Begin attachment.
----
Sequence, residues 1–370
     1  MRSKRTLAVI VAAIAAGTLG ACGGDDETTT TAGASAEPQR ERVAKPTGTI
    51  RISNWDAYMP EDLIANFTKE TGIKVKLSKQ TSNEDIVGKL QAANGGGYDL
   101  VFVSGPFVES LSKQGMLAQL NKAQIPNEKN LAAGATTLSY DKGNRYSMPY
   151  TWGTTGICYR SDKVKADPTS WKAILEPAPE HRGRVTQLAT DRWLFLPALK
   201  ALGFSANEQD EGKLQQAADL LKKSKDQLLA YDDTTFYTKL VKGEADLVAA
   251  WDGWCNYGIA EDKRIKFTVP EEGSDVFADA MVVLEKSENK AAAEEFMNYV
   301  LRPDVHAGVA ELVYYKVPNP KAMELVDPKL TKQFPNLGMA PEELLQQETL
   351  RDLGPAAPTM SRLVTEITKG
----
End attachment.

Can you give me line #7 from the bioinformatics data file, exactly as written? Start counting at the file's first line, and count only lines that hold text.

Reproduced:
   251  WDGWCNYGIA EDKRIKFTVP EEGSDVFADA MVVLEKSENK AAAEEFMNYV